According to standard security practices, if the app were a test, the directory would have identified a separate test network, Gevers said. “You do this because accidents like this can happen. You don’t want anyone to access the enterprise network, because you lose all control,” he added.

“Either they were sloppy and testing in their enterprise network or their enterprise credentials were found online,” he said.

Taken together, the GitHub incident and the HCSEC report shed further light on how security breaches can and do take place, pointing to a lack of understanding of basic cybersecurity principles, even by tech leaders like Huawei.

“These incidents are not inspiring for a company that claims to be secure,” Gevers told TechNode, referring to the GitHub post.

Gevers, the co-founder of the Dutch NGO GDI Foundation, has been the source behind many recent revelations about security lapses involving well-known Chinese companies like Huawei, Alibaba, and SenseNets, as well as a cache of data on 1.8 million Chinese women that included information about their “breedready” status.

The GDI Foundation says that because its aims are to address security flaws with responsible disclosure, not provide hackers with paths into sensitive information, they neither attempted to log onto Huawei’s Splunk app nor publicly revealed the credentials.

Since neither Gevers nor anyone else—to the extent that could be determined by TechNode—tried to use the credentials, there is no way of knowing exactly what doors the data credentials opened.

Screenshots from Gevers show that the file was created on Sep. 1, 2018. It is likely that they were posted around that time on GitHub, said Gevers, meaning that by the time he discovered them they could have been available online for as long as four months. “Those files were there for a long time,” increasing the security risk posed to Huawei, Gevers said.

On March 7, two days before Gevers’s revelations, Huawei sued the US government. In a press conference held at Huawei’s Shenzhen headquarters, the company’s rotating chairman, Guo Ping, claimed that the US government had hacked into the company’s servers and “stolen emails and source code.”

Guo was alluding to a 2014 New York Times investigation that revealed that the US’s National Security Agency was spying on the conversations of Huawei’s top executives and accessing proprietary information about its network equipment.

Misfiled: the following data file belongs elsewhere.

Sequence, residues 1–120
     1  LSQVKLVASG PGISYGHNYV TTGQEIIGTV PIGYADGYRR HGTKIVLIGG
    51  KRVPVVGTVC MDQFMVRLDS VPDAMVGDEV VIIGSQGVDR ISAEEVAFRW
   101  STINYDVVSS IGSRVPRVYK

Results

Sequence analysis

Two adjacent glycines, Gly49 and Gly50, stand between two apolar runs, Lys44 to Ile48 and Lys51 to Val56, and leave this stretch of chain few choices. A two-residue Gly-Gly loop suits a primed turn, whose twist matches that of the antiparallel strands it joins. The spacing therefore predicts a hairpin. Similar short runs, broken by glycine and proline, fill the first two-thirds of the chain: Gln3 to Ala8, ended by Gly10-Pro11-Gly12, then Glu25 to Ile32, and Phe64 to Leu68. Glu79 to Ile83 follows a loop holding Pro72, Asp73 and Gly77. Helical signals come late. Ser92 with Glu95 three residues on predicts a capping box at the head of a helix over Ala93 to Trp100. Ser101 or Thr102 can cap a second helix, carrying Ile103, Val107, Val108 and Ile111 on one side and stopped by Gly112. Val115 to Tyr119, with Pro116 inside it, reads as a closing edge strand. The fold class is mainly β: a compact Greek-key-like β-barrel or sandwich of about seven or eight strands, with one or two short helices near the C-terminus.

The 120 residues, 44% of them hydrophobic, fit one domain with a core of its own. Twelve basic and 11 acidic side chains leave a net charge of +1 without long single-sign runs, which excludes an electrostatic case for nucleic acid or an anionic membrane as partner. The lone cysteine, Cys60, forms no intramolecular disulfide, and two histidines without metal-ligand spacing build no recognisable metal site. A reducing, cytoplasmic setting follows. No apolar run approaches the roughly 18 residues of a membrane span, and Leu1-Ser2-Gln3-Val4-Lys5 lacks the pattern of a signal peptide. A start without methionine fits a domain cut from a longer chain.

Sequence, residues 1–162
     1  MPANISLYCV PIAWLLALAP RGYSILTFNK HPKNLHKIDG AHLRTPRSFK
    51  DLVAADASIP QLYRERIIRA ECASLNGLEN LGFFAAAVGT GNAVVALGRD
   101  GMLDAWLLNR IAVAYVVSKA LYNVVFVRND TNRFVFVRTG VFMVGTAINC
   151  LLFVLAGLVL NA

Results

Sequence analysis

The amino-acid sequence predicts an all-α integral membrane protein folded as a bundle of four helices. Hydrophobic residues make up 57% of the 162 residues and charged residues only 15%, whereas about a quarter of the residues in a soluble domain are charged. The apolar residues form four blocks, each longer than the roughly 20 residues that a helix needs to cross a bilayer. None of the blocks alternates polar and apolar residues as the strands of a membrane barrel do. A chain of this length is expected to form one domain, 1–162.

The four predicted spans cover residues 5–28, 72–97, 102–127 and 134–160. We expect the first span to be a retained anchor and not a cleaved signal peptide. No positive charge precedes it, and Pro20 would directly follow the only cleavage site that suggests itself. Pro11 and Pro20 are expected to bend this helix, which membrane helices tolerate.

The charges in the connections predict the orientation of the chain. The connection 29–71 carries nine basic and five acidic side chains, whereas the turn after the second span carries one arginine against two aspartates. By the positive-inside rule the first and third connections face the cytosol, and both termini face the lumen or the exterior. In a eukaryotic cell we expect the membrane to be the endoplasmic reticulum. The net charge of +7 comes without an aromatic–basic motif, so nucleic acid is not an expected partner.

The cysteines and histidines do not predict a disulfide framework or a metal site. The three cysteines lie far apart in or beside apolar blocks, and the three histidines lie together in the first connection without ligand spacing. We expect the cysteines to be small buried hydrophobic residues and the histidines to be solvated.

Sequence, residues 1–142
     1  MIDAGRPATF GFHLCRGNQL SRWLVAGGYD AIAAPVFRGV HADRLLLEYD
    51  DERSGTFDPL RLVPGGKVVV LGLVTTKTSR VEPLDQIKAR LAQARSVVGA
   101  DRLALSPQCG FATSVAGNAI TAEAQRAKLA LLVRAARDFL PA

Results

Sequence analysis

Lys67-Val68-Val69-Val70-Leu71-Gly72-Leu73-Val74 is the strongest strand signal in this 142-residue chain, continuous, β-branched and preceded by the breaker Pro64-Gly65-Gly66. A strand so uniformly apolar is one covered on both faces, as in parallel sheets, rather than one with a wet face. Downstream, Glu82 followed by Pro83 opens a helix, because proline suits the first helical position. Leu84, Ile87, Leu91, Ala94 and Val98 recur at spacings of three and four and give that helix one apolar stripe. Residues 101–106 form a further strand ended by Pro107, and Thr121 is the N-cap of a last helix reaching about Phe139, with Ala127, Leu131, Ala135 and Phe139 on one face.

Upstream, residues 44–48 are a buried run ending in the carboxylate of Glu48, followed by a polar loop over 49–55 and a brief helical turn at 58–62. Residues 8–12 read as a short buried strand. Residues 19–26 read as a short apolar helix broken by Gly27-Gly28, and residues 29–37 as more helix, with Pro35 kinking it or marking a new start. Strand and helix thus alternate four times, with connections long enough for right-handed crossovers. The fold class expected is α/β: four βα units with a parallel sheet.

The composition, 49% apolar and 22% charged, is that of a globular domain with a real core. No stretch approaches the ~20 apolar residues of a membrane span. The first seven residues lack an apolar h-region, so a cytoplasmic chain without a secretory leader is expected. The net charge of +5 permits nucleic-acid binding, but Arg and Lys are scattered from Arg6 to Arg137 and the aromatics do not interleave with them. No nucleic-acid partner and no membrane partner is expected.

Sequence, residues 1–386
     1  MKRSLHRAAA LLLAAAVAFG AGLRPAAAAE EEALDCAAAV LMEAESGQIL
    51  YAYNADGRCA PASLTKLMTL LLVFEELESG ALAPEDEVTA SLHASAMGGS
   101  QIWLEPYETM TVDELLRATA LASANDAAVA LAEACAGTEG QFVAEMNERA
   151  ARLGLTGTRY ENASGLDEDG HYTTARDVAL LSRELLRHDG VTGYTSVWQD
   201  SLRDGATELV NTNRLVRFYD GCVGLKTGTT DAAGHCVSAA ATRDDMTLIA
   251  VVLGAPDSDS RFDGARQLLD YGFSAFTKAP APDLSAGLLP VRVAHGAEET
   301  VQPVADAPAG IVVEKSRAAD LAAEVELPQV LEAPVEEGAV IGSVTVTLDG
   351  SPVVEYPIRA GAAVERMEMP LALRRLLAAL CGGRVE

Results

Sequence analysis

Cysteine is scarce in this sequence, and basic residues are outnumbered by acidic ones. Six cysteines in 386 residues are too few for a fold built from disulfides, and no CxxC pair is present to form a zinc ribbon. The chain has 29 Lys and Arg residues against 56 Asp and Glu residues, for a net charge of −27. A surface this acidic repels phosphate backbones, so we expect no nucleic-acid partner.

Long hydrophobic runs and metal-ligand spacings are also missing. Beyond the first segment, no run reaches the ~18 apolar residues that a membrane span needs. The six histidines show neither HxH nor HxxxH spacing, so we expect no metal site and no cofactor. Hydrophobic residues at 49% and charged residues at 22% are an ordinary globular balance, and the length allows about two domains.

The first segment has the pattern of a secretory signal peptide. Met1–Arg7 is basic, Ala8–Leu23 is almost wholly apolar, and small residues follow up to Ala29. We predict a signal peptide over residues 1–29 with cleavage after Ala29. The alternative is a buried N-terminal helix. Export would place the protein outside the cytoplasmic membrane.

Lack of understanding

Gevers’s main concern is not backdoors or malicious attacks, but the fact that people employed in positions that touch on security—not only at Huawei—may not be properly versed in cybersecurity principles.

In its report, HCSEC said Huawei’s systems exhibit “extensive non-adherence to basic secure coding practices, including Huawei’s own internal standard,” severely increasing cybersecurity risk. System vulnerabilities may be obscured because Huawei suppresses warnings from static analysis tools, which check source code against programming rules before software is run, and does not properly manage or update software.

Moreover, the HCSEC report found that Huawei uses an old version of a well-known third-party operating system for the key function of processing incoming data flows in real-time, a function similar to Splunk apps. This attracts risk and a single point of failure can compromise the entire OS, the report stated.

According to Weisensee, out-of-date software is a common problem in China. “There is a lot of outdated software in China—pirated software—that is not properly patched,” he explained.

Weisensee pointed out that for companies of Huawei’s size, it is difficult to ensure perfect security. A combination of factors exposes them to high security risks, he said. Most security breaches are due to human error, and Chinese tech giants like Huawei work with many complex databases, departments, and high employee turnover, which makes it easy for things to slip through the cracks.

In Weisensee’s view, it is too big a logical leap to assume that Huawei purposefully left the LDAP credentials on GitHub. “If someone wants to leak access to data, they will do it in a more obvious way.”

Gevers added, “Someone used the Git repository without actually knowing how it works. It’s like having the key to your front door sticking [out from] under the doormat.”